Of course, there are a lot of great organizers out there, so you need to do your research and find the one that works best for you. In my search for good organization system for our own cluttered garage area, the FLOW WALL product line caught my eye and even seemed familiar to me. You see, my husband loves to watch car restoration shows; and I remembered noticing how organized the garage storage areas and work space is. Now, I realized the Flow Wall product line is being used on several of these TV shows where organization is the key to efficiency …and prosperity. I noted that the host of some of these shows is endorsing the Flow Wall product line for use in garages. Although, this article is primarily focused on organizing garage spaces, you can customize this system and products for many other cluttered areas.
Per it’s advertisement, Flow Wall is the most effective way to organize your garage, laundry room, or tool shed. With the innovative plans and designs, you can create a custom storage space that will help you eliminate clutter, organize your belongings, and easily find what you need. You can purchase cabinets, shelves, and bins separately or get the whole package with lifestyle and starter sets.
Our garage is definitely a ‘sore subject’ in our house. Ever since our move in 2016, we have been throwing away things we thought we would never use again and ‘storing’ massive amount of ‘stuff’ that do not know what to do with yet. That ‘storage’ method has gotten out of hand. When we realized that we could no longer park our cars in the garage and were spending way too much time trying to find things, we decided it was time to take some serious action to put an end to that frustration. Oh, there are other cluttered storage areas that are equally frustrating; but, we are starting with the garage intending to create a ‘grab and go’ garage storage system for a fun summer and to make our winters easier.
Here is a Garage Make Over video depicting how a this type of transformation can be done. By the way, this was a Flow Wall give away!
TIP: If you are not sure where/how to get started, Flow Wall offers a planning guide that will walk you through the process of identifying your storage needs, measuring your space, and finding the right storage equipment for your needs. They are ready to help you make the most of your space.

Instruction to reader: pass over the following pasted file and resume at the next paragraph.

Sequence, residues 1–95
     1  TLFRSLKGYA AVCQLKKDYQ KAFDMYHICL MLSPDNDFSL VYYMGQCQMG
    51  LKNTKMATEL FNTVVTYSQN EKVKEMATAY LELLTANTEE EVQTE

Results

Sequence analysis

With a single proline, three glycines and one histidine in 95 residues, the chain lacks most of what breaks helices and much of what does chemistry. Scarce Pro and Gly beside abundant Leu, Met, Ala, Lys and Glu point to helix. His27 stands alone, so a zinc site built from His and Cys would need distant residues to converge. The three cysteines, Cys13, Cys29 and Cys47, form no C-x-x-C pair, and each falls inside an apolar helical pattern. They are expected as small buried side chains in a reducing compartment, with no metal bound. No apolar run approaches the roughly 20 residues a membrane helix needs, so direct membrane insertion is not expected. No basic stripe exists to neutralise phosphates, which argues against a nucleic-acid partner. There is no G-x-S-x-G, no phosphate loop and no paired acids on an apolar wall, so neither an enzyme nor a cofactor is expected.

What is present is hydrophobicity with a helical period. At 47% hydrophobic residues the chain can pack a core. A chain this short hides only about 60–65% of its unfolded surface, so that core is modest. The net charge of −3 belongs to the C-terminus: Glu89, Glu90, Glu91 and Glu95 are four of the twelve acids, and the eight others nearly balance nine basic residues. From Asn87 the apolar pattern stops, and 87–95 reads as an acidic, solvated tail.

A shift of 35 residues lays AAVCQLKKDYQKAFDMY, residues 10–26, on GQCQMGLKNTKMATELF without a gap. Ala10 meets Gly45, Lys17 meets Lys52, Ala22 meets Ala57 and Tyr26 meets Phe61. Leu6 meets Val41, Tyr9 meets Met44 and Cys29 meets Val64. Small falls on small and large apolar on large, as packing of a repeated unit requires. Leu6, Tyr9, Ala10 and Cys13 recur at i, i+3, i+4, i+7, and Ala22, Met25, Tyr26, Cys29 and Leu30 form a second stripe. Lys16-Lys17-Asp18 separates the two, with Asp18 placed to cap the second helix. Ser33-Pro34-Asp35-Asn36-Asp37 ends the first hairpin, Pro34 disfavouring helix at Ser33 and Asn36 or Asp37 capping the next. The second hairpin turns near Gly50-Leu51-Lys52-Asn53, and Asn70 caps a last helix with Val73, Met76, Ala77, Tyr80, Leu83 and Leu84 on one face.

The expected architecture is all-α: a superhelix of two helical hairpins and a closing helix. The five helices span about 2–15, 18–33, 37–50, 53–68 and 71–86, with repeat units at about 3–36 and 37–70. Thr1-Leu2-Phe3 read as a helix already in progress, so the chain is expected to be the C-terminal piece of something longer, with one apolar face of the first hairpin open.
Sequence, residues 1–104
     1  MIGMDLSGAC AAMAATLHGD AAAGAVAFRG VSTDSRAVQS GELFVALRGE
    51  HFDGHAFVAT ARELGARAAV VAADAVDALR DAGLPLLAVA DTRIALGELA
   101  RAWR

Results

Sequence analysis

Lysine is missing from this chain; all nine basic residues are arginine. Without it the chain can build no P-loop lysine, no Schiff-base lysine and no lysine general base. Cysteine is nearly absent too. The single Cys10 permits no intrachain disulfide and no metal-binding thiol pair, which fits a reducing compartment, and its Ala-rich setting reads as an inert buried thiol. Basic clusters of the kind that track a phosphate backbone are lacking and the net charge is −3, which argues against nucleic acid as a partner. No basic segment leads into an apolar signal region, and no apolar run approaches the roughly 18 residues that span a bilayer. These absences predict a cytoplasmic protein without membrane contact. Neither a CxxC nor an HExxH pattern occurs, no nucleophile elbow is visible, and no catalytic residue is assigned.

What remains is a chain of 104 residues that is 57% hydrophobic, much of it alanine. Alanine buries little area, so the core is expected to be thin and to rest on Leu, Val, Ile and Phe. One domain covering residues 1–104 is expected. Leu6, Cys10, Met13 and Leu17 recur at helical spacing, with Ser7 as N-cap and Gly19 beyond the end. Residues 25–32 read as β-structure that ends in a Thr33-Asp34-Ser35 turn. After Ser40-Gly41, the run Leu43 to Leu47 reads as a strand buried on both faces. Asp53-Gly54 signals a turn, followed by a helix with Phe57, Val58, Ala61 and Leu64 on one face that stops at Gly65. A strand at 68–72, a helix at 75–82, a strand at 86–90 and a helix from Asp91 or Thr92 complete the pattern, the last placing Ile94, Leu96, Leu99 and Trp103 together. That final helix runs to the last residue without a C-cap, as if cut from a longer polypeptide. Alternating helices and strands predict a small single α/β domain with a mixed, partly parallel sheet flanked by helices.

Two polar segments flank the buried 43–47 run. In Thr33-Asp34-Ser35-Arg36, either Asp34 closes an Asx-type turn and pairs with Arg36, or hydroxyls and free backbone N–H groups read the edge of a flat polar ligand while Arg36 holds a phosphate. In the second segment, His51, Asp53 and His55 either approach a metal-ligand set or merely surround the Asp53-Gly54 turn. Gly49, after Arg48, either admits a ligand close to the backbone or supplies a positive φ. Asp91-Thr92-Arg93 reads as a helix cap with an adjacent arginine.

Click this link to the Flow Wall Garage Organizers website to get started.
Make sure that you take advantage of the current discounts, sales, and giveaways.
1/1-1/31- Get 10% off Garage Starter Sets at Flowwall.com. Use Coupon Code: f01w18
Here is the endorsement that caught my eye.
HAPPY NEW YEAR!
I hope you and your family had a wonderful holiday season and are ready make your NEW year one of the best yet! I took a little break in December; but, I am back now and will be providing you with new tips to improve your home and garden. Please stay tuned to this website as I continue to build its content and them with links to amazing discounts that will facilitate all your home and garden projects in 2018 -and help you stay within your budget. Go to the SHOP NOW tab and click on the *NEW Special Offers link to stay up to date on the most current sales -or click on any of my advertisers for direct access to any of your store-specific shopping needs.
The trees are turning; the weather’s getting cooler; Pumpkin Spice Lattes are back—it’s finally FALL! No! -exclaims that one friend who cares deeply about proper English (language), it’s AUTUMN!!
I love all four seasons for each has its own unique beauty and style. I am so thankful to live in an area that allows me to fully embrace each season’s soul gifts. As I think about these seasonal gifts, I began to wonder why some call this time of the year FALL and others refer to it as AUTUMN. Have you ever wondered about this?
The older of the two words is autumn, which first came into English in the 1300s from the Latin word autumnus. (Etymologists aren’t sure where the Latin word came from.) It had extensive use right from its first appearance in English writing, and with good reason: the common name for this intermediary season prior to the arrival of autumn was harvest, which was potentially confusing, since harvest can refer to both the time when harvesting crops usually happens (autumn) as well as the actual harvesting of crops (harvest). The word autumn was, then, a big hit.
Names for the season didn’t just end with autumn, however. Poets continued to be wowed by the changes autumn brought, and in time, the phrase “the fall of the leaves” came to be associated with the season. This was shortened in the 1600s to fall.
Around this time, England’s empire was fast expanding, which meant that the English language was going places. One place it went was to the New World, and it set up shop in North America in the 1600s. As time went on, the English spoken in America and the English spoken in Britain diverged: there wasn’t as much contact between the two groups of English speakers. Throw into the mix the independence of the United States, and the fact that the type of English spoken in America became part of our early national identity, and the gulf between the two dialects of English widened.